Wednesday, July 25, 2012

George Fernandes ends ties with city

A few decades ago, when George Fernandes was on top of his game as the country's most powerful trade union leader, his hold over the BMC, BEST and the taxi drivers was so complete that every time he called for a Mumbai bandh, the city was brought to its knees.

Last Friday (July 20), 82-year-old Fernandes, battling Alzheimer's disease, ended his last remaining connection with Mumbai's trade unions when he quit as Mumbai Taximen's Union president.

The Union, which he founded in 1960, not only accepted the resignation - forwarded by Fernandes's wife Leila Kabir - it also announced a new president: Rajya Sabha member Hussain Dalwai.

The Union's general secretary, A L Quadros confirmed the development, saying: "The decision to co-opt Hussain Dalwai as the Union's president was taken at the managing committee meeting on July 20. Mr Fernandes has conveyed that he was no longer able to carry out the duties required of him as the Union's president due to health reasons. The election to the post was due only in 2014; hence we used a special provision to co-opt Dalwai as president."

Dalwai confirmed that he had accepted the Union's offer, and said he will take over as the Union's president at a meeting on July 29. Senior union leader and Fernandes's former colleague Frederick D'Sa, who is president of the Mumbai Autorickshawmen's Union and the taxi union-backed Taximen's Services Limited, said that deteriorating health was the only reason for Fernandes's resignation. "I have known him for the past 41 years, and can't express the sadness with which we had to accept his decision to quit. We are letting him go with a heavy heart," he said.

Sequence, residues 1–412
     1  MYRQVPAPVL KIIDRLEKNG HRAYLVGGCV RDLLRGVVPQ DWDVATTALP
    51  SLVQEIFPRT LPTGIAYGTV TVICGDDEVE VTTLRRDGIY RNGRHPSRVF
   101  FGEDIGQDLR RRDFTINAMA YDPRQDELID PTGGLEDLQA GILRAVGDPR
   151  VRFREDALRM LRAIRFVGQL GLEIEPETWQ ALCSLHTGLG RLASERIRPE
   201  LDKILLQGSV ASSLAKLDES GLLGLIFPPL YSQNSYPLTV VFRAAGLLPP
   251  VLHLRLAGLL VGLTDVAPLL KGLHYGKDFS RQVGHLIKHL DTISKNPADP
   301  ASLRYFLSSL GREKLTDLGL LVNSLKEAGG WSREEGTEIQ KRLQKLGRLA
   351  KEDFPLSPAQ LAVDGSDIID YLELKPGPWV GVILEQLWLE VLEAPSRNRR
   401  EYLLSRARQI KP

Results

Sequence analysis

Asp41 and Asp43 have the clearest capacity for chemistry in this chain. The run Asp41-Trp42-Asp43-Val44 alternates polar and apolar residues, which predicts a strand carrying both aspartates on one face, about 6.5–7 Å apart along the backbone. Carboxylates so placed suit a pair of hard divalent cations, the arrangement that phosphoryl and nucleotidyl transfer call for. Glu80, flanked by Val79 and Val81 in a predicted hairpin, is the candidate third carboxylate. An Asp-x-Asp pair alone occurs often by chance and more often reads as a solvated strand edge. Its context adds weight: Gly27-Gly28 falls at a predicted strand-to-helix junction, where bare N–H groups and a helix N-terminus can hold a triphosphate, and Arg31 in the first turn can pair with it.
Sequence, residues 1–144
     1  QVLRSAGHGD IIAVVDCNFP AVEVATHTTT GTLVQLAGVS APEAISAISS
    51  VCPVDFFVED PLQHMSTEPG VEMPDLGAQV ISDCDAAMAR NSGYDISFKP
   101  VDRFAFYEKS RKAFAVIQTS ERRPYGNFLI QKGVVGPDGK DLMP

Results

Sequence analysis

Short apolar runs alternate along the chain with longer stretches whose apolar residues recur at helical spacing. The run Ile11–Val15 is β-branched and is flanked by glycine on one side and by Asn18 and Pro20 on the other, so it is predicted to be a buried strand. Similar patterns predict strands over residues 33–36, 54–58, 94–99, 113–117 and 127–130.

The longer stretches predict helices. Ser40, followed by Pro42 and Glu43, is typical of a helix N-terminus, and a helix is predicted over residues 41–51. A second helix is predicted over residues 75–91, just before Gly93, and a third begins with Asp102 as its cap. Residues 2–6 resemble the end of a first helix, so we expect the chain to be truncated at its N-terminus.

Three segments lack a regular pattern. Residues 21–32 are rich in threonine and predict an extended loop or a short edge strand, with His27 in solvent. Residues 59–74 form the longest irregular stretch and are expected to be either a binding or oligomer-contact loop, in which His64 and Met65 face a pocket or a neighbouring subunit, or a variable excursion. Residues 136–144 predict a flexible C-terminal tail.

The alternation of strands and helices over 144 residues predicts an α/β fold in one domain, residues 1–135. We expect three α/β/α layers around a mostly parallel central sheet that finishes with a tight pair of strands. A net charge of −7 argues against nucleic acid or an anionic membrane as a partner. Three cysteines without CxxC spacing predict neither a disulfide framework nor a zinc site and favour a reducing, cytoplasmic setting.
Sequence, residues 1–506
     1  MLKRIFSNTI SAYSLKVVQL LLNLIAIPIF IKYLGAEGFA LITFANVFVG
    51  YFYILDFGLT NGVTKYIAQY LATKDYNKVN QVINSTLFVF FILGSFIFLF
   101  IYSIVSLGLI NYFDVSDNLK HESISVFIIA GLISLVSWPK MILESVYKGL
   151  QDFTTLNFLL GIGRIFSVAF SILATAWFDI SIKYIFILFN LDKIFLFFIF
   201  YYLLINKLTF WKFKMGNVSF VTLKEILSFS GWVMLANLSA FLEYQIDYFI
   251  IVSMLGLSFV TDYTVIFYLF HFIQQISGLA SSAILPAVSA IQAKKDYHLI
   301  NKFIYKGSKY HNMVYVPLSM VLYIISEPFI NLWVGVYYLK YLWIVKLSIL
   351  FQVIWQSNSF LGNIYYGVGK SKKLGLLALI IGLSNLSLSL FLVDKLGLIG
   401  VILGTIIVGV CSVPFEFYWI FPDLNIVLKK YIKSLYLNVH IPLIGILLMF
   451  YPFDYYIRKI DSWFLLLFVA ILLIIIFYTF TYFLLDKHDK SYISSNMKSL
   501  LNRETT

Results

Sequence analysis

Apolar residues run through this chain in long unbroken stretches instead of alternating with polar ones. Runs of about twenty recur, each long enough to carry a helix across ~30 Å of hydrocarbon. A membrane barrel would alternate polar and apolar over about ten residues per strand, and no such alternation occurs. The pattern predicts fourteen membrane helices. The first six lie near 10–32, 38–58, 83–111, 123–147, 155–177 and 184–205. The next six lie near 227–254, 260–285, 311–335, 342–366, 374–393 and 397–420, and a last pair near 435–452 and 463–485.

Despite repeated attempts, Leila Kabir remained unavailable for comment.

The Taximen's Services Limited, which owns three petrol pumps (at Dadar, Bandra and Goregaon), was Fernandes's idea, to give the union members quality fuel on monthly credit and also soft loans to buy cabs, spare-parts and other such facilities. He also set up the Bombay Labour Co-operative Bank in 1968, now known as the New India Co-operative Bank, which has Quadros, D'Sa and Fernandes's other colleagues on the managing committee.

 George and Mumbai

» A native of Mangalore, George Fernandes was sent to Bangalore in 1946 to be trained as a priest. He arrived in Mumbai in 1949, and joined the socialist trade union movement.

» Fernandes's first shot at glory came in 1967, when he was offered a ticket by the Samyukta Socialist Party to contest the general elections. He defeated S K Patil of the Congress, and earned the nickname George the Giantkiller, while the defeat ended Patil's political career.

» As a fiery trade union leader, Fernandes organised countless strikes and bandhs in the city in the 1950s and 1960s.

» Fernandes went underground during the Emergency in 1975, but was arrested in 1976.